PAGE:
Sir Robert Menzies (1894–1978) was Australia’s longest serving Prime Minister, as well as being a distinguished and well known graduate of the University, and serving as its Chancellor between 1967 and 1972. He is represented in the Baillieu Library Special Collections, primarily through his extensive personal library of over 4000 volumes. For purposes of this exhibition, he represents a mid-point between those politicians who were diligent diarists (eg Clyde Cameron, Peter Howson and Neil Blewett), and those who shunned the very idea.1 In a famous passage of his memoirs, quoted in full in the exhibition, Menzies reflected on his limited diary writing and their value. He began by noting ‘Except on two journeys abroad, I have never kept a diary...’ and ended ‘My executors will do me a good service if they use the incinerator freely’.2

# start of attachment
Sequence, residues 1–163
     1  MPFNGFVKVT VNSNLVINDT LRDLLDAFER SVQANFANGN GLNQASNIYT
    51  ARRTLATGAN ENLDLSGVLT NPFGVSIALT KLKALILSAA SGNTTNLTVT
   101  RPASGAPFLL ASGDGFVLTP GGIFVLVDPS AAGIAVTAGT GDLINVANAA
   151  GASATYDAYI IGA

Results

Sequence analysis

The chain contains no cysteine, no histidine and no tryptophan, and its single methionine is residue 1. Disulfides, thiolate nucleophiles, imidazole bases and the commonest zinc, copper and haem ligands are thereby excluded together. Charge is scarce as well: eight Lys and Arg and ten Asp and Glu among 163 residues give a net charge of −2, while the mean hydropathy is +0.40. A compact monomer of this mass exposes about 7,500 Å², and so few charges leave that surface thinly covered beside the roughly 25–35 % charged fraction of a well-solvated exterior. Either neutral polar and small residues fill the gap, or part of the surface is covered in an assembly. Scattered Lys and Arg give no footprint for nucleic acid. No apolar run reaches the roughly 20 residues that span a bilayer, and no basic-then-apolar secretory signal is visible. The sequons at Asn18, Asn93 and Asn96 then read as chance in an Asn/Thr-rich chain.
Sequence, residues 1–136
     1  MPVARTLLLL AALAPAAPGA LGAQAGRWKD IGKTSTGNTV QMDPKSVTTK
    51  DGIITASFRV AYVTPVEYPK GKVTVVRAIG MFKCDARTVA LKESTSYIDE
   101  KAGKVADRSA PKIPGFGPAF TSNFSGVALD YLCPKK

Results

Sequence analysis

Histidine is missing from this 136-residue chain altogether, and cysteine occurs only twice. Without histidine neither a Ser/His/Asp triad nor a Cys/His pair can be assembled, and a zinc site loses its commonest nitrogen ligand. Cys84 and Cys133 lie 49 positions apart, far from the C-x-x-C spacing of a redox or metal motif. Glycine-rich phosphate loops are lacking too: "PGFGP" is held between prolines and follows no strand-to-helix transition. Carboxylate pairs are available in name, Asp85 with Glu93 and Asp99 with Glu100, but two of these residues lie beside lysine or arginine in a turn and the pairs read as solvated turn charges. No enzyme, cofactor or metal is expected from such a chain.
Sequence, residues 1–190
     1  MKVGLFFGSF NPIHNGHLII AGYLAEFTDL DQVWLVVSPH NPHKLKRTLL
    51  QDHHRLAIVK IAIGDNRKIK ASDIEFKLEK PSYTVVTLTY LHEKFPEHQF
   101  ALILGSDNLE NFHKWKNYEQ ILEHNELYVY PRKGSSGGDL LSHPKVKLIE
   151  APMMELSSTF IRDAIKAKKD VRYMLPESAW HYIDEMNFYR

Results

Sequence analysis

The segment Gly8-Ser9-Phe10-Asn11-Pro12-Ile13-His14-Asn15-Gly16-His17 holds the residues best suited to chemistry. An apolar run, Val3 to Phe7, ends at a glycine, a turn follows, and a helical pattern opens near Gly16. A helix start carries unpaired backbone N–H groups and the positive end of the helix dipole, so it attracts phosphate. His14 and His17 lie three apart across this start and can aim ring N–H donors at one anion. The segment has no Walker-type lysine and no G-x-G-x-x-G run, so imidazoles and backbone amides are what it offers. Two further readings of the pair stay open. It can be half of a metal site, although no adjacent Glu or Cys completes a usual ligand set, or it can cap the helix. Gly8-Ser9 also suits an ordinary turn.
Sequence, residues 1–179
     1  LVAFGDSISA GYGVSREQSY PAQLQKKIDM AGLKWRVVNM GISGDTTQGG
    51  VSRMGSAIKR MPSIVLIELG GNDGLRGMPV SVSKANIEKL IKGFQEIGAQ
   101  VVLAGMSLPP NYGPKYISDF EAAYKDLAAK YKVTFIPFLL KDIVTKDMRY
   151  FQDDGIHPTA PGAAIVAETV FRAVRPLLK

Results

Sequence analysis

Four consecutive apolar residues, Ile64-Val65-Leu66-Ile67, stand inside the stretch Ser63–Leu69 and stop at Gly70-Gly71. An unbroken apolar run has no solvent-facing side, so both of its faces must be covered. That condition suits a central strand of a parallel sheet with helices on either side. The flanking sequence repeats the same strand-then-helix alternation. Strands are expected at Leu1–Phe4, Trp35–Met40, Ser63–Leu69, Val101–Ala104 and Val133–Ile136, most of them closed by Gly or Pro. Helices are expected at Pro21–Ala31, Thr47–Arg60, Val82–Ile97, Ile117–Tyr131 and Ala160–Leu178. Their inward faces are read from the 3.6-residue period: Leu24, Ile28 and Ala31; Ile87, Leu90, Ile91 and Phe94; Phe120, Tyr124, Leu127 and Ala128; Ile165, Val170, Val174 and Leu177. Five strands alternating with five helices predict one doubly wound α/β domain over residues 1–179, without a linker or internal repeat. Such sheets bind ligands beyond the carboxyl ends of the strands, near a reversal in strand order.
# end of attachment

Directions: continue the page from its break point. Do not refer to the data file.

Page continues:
Dark and Hurrying Days: Menzies’ 1941 Diary edited by A. W. Martin and Patsy Hardy (National Library of Australia, 1993).
Commemorative plaster bust of Menzies, based on a cartoon by Les Tanner and sold by the Bulletin, Jan–Feb 1966. Item 9 Selection of published diaries from Menzies’ personal library.
- See Clyde Cameron, The Cameron Diaries (Allen and Unwin Australia, 1990); Peter Howson, The Howson Diaries: the life of politics (Viking, 1984); and Neil Blewett, A Cabinet Diary (Wakefield Press,1999). One of the best loved politician’s diaries is technically fiction, i.e. Jonathan Lynn and Antony Jay, editors, The Complete Yes Minister: the diaries of a cabinet minister by the Right Hon. James Hacker MP (BBC Books, 1988).
- Sir Robert Menzies, Afternoon Light: some memories of men and events (Cassell, 1967, pp. 44–45).